You see, whatever your sinful struggle may be, (And by the way, each of us has our own set of sins that will always be our propensity: part of the package we inherited from our parents), whether it's arguing and fighting, as here in James 4, living for pleasure, or whether it's pride or anger or bitterness or selfishness or fear or worry or you fill in the blank: whatever your list may be. Whether your struggle falls, as the apostle John puts it, more into the category of the lust of the flesh; or whether your sin falls more into the lust of the eyes, or the pride of life, regardless. Whatever it is, your only hope and my only hope is the grace of our God. That is "the solution". God has at His disposal the grace of forgiveness, which we desperately need if we find ourselves locked into sin. The grace of forgiveness God bestows upon us the favor of forgiving us for offending Him and offending His just and Holy character and violating His law.

We not only need the grace of forgiveness, however. We also need the grace of sanctification. You see, grace will not only forgive you; and grace will not only restore you to full fellowship with God; but it will also empower you to obey God's Word consistently and to grow in holiness. Now, we know that we can't earn that grace. We know that we can't require God, as it were, to dispense it to us. As we saw last week, God said to Moses, "I will be gracious to whom I will be gracious." This is God's sovereign opportunity. It's His sovereign decision.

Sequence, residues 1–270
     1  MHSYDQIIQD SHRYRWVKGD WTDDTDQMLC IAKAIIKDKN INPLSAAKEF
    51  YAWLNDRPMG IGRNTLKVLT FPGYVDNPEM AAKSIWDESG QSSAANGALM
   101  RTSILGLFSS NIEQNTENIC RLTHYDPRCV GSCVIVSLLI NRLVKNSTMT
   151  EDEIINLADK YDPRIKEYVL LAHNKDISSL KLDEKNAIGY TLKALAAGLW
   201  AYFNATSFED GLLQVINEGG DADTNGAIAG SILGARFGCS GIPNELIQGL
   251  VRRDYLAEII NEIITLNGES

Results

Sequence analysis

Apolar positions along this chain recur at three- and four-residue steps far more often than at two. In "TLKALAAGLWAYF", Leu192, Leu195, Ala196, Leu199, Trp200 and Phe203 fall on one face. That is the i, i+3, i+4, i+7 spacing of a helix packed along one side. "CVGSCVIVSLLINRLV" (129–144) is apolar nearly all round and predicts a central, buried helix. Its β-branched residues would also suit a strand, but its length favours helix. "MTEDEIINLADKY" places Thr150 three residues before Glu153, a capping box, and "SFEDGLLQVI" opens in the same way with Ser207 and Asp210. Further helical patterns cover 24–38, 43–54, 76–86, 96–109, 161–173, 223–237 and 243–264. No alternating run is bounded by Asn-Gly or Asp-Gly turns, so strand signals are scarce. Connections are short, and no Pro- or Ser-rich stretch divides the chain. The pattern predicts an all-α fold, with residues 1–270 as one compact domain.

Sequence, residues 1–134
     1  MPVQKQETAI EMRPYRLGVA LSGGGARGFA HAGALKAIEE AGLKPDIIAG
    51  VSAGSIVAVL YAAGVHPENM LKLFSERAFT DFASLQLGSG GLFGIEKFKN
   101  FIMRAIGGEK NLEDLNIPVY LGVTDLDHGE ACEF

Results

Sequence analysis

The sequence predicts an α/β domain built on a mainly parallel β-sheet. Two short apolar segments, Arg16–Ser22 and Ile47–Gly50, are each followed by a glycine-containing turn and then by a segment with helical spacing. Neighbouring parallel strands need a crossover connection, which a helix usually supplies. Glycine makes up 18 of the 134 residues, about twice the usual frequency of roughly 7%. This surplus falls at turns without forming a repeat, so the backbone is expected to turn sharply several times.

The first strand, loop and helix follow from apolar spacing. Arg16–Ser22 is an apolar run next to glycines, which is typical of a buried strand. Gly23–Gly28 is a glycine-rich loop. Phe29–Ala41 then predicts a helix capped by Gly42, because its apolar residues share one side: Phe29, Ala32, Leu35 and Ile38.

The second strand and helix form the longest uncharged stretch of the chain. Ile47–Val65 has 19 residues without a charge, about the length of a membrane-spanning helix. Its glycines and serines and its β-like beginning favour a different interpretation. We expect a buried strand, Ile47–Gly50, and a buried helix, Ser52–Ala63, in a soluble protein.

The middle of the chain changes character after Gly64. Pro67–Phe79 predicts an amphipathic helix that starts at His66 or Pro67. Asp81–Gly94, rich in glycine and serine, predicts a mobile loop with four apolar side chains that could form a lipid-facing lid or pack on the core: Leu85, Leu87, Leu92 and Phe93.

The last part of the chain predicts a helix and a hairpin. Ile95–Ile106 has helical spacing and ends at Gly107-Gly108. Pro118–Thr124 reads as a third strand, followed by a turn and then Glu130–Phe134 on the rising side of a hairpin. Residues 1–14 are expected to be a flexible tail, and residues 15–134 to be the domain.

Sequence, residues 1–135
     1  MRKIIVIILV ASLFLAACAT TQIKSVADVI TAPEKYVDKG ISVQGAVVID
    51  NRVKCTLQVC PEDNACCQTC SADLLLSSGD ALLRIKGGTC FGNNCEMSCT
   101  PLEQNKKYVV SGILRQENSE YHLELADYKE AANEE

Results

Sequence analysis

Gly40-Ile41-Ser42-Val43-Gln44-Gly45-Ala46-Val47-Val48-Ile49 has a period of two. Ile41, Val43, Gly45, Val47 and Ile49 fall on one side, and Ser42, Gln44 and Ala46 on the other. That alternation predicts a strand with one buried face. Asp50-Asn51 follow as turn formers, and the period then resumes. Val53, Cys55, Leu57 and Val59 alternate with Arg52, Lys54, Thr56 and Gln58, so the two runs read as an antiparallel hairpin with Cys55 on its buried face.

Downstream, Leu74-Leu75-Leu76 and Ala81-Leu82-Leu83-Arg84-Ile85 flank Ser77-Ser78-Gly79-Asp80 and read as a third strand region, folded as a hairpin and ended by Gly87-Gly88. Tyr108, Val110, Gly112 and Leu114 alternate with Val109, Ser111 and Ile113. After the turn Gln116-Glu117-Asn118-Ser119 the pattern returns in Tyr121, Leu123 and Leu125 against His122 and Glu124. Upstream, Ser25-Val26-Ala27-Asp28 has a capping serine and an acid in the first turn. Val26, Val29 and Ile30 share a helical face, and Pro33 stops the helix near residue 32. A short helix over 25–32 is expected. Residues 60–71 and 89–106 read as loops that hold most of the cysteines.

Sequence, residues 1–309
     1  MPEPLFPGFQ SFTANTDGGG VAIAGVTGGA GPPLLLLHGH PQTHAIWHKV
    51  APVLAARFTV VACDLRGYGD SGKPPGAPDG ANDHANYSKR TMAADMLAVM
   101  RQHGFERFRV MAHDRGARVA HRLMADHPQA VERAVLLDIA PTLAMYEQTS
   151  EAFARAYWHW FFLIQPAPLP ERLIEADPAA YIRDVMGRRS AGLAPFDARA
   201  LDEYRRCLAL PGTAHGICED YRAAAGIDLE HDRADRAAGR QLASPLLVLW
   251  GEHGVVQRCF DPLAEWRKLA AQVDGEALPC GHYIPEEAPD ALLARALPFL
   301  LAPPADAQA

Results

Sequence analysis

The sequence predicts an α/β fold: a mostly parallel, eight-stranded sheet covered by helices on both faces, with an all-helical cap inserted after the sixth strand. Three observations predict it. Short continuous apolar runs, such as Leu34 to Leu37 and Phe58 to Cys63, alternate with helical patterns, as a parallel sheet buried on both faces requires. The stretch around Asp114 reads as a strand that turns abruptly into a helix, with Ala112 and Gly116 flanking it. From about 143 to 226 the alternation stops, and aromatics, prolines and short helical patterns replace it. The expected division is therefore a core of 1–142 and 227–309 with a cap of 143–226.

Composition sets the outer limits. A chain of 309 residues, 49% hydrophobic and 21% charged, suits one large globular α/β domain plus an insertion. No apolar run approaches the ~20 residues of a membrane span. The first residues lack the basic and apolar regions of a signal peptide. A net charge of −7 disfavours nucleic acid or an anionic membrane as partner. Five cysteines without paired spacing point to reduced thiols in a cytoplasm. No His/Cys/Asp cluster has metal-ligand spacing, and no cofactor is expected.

So, here's the key question. How can we, who so desperately need grace, apply to God to give us what we can never earn, and what He sovereignly bestows, solely according to His own choice? How? Well, James tells us how. You see, although grace can never be earned, God has set a condition, a prerequisite that must be met before He bestows grace. There is one condition, one qualification for receiving grace. And it is humility, humility. It's being willing to truly humble yourself before God. You see, God always bestows grace on true humility, on the one who most clearly understands the severity of, and the hopelessness of his condition before God.